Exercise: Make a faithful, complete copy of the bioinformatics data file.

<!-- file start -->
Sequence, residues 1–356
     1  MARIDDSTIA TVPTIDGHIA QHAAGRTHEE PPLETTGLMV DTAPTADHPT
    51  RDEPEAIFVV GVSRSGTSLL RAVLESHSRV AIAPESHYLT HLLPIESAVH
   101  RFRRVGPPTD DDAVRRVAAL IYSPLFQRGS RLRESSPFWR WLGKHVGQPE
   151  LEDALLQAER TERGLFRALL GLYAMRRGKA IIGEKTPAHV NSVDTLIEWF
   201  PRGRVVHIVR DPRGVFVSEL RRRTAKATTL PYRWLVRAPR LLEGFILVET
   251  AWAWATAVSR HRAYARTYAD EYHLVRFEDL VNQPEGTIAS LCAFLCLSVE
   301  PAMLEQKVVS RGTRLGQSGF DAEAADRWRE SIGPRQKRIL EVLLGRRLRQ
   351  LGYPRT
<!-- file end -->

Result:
Sequence, residues 1–356
     1  MARIDDSTIA TVPTIDGHIA QHAAGRTHEE PPLETTGLMV DTAPTADHPT
    51  RDEPEAIFVV GVSRSGTSLL RAVLESHSRV AIAPESHYLT HLLPIESAVH
   101  RFRRVGPPTD DDAVRRVAAL IYSPLFQRGS RLRESSPFWR WLGKHVGQPE
   151  LEDALLQAER TERGLFRALL GLYAMRRGKA IIGEKTPAHV NSVDTLIEWF
   201  PRGRVVHIVR DPRGVFVSEL RRRTAKATTL PYRWLVRAPR LLEGFILVET
   251  AWAWATAVSR HRAYARTYAD EYHLVRFEDL VNQPEGTIAS LCAFLCLSVE
   301  PAMLEQKVVS RGTRLGQSGF DAEAADRWRE SIGPRQKRIL EVLLGRRLRQ
   351  LGYPRT